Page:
The 10 Essentials: What You Need To Know

November 10, 2022


The 10 essentials are ten items that you should bring with you on every adventure, no matter how long or short, solo or with friends. These items should be tailored to your specific hike or trip, for example, the first aid kit you’ll need for a 2 mile hike would be different than what you would bring on a 4-day backpacking trip. Or, the amount of extra food, water, and clothing you bring may vary depending on the length and environment of your trip (eg. desert vs. mountains).

The ten essentials probably won’t be the only items in your backpack, but it’s a great place to start. No one anticipates the moment they may be in need of any of these items, however the ten essentials could save your life in case of an emergency, and it never hurts to be prepared! Keep reading for a list of the ten essentials, some including specific item recommendations. 

The 10 Essentials: 


This would be items such as a map and compass, as well as a GPS. I recommend all three, specifically a satellite GPS that doubles as a communication device so you can call for help in the case of an emergency. Keep in mind that gear is useless if you don’t know how to properly use it to keep you safe, so I highly recommend taking a navigation class if necessary. There is nothing wrong with taking a refresher course either if it’s been a while since you’ve used those skills!  


This one should be aligned with your adventure. Adjust your first aid kit for the number of people, the number of days, and how far from the nearest hospital you are. You will also want to consider the environment you are in (aka for a desert trip, you may want to bring extra electrolytes, etc).



For illumination, think headlamp, flashlight, and extra batteries or a portable charger in case your headlamp or flashlight dies. This is especially important for backpacking trips, hikes in cold weather, or a sunset or sunset hike. 



For most hikers, including someone going out for a day hike, an emergency bivvy will be ideal as an emergency shelter. However, if you are backpacking, you are likely already bringing a shelter with you! If you are a hammock camper, I recommend making sure you have an insulated quilt or tarp to keep you warm if conditions shift. 


If for whatever reason you had to stay overnight unplanned or signal for help, you will want to have the ability to start a small fire. Make sure you have fire starter, weatherproof matches, and/or a lighter. Windproof lighters are ideal if that’s what you plan on using.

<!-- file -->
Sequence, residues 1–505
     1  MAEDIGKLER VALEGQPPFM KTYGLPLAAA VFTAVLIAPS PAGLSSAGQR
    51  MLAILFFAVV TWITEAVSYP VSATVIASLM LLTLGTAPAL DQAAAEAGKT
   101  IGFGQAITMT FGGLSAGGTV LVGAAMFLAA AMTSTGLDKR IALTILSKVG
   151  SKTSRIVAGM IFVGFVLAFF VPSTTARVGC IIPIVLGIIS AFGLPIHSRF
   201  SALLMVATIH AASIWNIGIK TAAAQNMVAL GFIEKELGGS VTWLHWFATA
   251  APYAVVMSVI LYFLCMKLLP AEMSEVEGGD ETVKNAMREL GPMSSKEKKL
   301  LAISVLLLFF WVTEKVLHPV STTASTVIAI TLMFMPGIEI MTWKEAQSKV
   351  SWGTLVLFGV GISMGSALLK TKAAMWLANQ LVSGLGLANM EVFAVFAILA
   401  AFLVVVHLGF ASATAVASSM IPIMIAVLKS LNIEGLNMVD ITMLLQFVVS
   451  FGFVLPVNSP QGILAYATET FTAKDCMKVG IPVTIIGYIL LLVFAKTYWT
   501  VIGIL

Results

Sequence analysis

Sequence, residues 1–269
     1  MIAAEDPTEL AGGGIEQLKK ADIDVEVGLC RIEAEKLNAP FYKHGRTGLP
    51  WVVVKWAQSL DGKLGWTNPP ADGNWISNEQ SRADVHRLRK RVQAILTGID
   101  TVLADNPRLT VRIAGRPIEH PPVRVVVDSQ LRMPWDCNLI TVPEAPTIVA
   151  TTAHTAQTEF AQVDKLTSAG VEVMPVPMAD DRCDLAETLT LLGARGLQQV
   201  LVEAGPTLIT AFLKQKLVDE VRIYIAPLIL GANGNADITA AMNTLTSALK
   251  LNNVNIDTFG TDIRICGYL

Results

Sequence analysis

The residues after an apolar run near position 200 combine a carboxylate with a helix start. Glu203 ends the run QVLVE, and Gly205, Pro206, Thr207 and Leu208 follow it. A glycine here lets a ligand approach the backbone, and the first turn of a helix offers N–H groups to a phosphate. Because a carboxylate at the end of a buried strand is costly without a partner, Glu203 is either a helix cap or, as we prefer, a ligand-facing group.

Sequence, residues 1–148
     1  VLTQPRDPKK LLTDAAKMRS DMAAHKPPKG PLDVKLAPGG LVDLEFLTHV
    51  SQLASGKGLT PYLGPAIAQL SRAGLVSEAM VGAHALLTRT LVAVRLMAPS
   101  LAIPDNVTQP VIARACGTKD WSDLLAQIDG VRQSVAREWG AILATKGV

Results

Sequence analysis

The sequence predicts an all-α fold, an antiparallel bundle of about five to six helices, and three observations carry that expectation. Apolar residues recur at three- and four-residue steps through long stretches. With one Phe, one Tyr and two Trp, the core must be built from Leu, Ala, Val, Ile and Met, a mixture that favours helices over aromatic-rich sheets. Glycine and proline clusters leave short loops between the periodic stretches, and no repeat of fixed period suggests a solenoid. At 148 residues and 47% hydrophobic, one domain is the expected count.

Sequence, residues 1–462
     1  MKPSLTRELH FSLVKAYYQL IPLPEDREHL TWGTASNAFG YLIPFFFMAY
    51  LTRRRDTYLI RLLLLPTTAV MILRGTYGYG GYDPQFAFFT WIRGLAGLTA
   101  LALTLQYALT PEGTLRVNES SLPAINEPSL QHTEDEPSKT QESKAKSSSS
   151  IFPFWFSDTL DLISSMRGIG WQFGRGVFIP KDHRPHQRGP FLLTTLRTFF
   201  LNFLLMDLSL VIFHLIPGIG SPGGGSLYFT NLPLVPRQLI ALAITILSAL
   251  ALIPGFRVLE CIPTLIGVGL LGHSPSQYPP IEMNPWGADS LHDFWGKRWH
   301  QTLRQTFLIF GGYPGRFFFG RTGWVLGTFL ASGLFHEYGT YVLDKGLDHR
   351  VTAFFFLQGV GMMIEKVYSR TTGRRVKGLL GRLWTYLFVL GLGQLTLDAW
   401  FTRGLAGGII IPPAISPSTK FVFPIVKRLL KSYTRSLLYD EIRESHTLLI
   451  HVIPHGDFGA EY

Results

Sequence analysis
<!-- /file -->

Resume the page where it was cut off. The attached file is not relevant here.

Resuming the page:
Having a repair kit, or at least a couple items to make impromptu repairs can be crucial on certain adventures. I always bring a multitool with me that has a knife on it, as well as paracord and tenacious tape for gear repairs. 


This might look different depending on your preference, but some examples of sun protection are sunglasses, sunscreen, a hat, a buff or sunshirt with UV protection – this is my favorite sunshirt. Properly protecting yourself from the sun is especially important at high altitudes. The worst sunburn I have ever experienced was actually in February at 13,000 feet! 


An extra days worth is the general rule. However, this essential doesn’t have to be anything heavy or over the top, just enough to hold you over. I usually opt for extra trail mix and protein bars, and when I’m backpacking I’ll bring an extra dehydrated meal. 


This one can vary depending on what your access to water will be on your hiking trip. Know how much water you will need and plan accordingly, and be sure to have a water filtration device, such as a Sawyer Squeeze or Lifestraw. I also like to bring extra electrolytes just in case. 


Bringing extra clothing along is an easy one to oversee, but super important, especially in certain terrain such as the mountains. I recommend bringing a jacket such as a puffy, a beanie, gloves, extra pair of socks, and an extra base layer set on winter hikes. I like to keep these in a dry bag so they’re safe just in case my backpack gets wet. 

Bringing the 10 essentials with you on your hikes, camping or backpacking trips, and any other adventures is a great way to plan ahead and keep yourself safe in the case of an emergency. I’ve had some of the ten essenaials come in handy even on short hikes, and the unfortunate reality of getting outside is that Mother Nature will always make the calls, and plans can take a turn quickly. In addition, the more prepared you are, the more confident you will feel to overcome whatever obstacles might take place.


As always let me know if you have any questions! Happy trails 🙂 

*Please note that some links above are affiliate links, which means I earn a small commission on any purchase you make – at no additional cost to you. Thank you for your support!


Read next: What To Bring on a Winter Hike

Hi there! I’m Shelby, a
Colorado hiking guide!

I’m here to inspire you to climb your mountain from the ground UP.
I’m an avid hiker and backpacker, and also love camping, fishing, and anything else I can do outdoors, even if it means going alone! I believe nature is the best teacher of all, and I find joy sharing this knowledge so you can feel empowered on your own adventures! 

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